Review: The Greatest Showman

 

The Greatest Showman tells P.T Barnum’s journey from a poor street kid to the founder of the circus and Ringling Bros. and Barnum & Bailey Circus. What better way to tell P.T’s story but through dance and numerous musical numbers.

P.T (Hugh Jackman) is looking to give his wife Charity (Michelle Williams) and their kids the life he promised. He has a light bulb moment one night and comes up with an idea for a museum for oddities. This idea morphs into what we now know as the circus.

The story of P.T isn’t just about his creation of the circus, it covers his struggles with acceptance into high society and his many battles with critics and residents regarding the types of people he has working in the circus.

The opening musical number, “A Million Dreams” sets the tone for the film. It’s a big musical number full of bright colors and a catchy song that’s easy to sing along with.  It’s the kind of song musical’s bank on to get an Academy Award nomination or at least a performance at the ceremony.

The film is full of music that appeals demographics. It prevents the film from having a specific type of music throughout, but it makes for a film full of diverse music performances.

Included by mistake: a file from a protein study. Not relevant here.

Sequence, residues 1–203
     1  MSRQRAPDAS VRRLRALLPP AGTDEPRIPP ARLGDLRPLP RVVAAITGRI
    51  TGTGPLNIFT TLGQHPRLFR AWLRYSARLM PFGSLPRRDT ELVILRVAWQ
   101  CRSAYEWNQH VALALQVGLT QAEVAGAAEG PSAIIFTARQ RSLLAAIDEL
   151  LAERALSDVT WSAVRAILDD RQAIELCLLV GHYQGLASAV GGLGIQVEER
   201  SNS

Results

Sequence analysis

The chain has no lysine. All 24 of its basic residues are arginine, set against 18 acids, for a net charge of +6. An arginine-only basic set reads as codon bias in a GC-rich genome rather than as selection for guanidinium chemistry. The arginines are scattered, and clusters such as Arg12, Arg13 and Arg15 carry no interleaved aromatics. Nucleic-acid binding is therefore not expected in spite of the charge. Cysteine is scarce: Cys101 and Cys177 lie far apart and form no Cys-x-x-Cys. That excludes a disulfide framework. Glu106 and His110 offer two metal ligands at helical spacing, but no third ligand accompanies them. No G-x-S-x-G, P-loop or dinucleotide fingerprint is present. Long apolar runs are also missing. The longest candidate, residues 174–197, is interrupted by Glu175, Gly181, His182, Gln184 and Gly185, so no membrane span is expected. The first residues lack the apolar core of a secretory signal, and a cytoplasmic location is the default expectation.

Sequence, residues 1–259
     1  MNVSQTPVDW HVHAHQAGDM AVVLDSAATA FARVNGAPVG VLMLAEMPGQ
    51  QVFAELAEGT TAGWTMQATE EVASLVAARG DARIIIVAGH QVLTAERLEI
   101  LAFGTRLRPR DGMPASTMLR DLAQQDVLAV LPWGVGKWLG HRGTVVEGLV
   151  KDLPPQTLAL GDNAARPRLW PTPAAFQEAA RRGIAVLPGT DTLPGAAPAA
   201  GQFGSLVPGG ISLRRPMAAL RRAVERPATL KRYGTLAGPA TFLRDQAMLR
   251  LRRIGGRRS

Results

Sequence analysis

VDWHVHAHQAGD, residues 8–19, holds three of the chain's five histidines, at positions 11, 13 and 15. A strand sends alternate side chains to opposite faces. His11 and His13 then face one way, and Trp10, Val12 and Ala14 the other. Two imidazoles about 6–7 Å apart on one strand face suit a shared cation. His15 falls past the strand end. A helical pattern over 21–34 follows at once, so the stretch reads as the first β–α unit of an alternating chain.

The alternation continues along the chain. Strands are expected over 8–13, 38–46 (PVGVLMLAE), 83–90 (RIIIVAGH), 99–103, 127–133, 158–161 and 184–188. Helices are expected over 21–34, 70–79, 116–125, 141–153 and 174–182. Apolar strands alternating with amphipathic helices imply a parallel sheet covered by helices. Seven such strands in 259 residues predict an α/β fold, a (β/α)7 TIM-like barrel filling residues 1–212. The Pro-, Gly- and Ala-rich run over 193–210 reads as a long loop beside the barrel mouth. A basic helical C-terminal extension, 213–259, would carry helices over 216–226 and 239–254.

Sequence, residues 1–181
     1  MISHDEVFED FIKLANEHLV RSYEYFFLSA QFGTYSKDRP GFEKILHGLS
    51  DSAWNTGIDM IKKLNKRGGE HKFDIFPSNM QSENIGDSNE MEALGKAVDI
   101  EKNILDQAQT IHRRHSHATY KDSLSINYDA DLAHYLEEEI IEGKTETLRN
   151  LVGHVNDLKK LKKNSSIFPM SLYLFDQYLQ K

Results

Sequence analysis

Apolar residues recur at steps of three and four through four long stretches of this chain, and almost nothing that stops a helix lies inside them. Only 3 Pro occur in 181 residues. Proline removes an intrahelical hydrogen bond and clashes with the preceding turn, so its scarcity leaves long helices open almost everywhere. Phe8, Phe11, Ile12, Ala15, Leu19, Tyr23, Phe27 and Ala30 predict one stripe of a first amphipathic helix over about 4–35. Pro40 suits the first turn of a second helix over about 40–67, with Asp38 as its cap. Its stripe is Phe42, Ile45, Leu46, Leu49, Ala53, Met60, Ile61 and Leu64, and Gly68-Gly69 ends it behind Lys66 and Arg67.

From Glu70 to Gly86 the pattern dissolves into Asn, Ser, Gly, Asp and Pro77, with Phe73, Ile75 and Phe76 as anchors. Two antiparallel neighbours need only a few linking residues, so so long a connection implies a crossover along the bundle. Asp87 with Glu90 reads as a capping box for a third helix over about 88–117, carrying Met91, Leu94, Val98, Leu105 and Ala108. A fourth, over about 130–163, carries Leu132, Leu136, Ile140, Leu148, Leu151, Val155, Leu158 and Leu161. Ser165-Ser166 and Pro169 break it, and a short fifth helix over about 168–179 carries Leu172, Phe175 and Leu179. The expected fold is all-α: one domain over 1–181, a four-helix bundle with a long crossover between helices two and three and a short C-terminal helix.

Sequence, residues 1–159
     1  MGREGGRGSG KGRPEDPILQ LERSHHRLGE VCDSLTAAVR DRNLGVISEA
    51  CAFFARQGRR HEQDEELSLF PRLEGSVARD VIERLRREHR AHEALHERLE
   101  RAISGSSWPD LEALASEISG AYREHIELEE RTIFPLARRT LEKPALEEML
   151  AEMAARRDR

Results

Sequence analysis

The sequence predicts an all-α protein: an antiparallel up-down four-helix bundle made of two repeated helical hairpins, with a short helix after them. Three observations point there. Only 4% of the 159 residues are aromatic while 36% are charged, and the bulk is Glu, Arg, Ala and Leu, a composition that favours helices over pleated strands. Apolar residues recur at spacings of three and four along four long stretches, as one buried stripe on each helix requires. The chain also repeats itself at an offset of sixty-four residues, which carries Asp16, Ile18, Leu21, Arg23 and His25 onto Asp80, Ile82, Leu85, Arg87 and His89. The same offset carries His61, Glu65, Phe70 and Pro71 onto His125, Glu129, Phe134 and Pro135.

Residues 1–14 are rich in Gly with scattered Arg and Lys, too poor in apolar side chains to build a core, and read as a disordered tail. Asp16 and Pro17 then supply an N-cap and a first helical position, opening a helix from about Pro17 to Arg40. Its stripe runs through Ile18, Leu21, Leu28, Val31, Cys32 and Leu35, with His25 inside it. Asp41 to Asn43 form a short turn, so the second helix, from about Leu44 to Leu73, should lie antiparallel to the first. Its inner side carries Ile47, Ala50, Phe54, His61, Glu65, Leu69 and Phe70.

The best musical number comes courtesy of Jenny Lind (Rebecca Ferguson) performing “Never Enough.” – easily the best song on the soundtrack.  It’s the only performance without a dance number or any theatrics. It’s just Ferguson, a microphone, and a crowd. It’s the most emotional song in the film. This standstill performance allows  the lyrics to sit with the audience and reflect on P.T’s relationship with Charity and his relationship with a class of people that won’t accept him.

Spider-Man Homecoming’s breakout star Zendaya lends her talents as a trapeze artist, Anne Wheeler. Zac Efron’s High School Musical days come in handy as Phillip Carlyle, a playwright P.T brings in to help with the production of the circus.

Through all the songs and drama, Showman never stops being a fun ride. The songs placement throughout film never hinders the pacing of the film. Director Michael Gracey is also telling a visual story that makes it hard to take your eyes off the screen.

If there’s two things that hold Showman back – its missing the vibrant storytelling that made Chicago a success and it has an ambiguous take on P.T’s exploitation of his staff. As interesting as P.T was, some of the moments between songs feel a little flat. The big musical number, “This is Me” about the circus performers loving who they are even though they’re treated unfairly. It’s a great performance despite the film barely touching on the topic, except to move the plot along.

The Greatest Showman is a fun modern musical. Hopefully the success of La La Land created a paradigm shift, and Hollywood is giving a second look at musicals despite previously not wanting to take chances on them. Hopefully audiences will get more fun musicals sooner than later.

Grade: B

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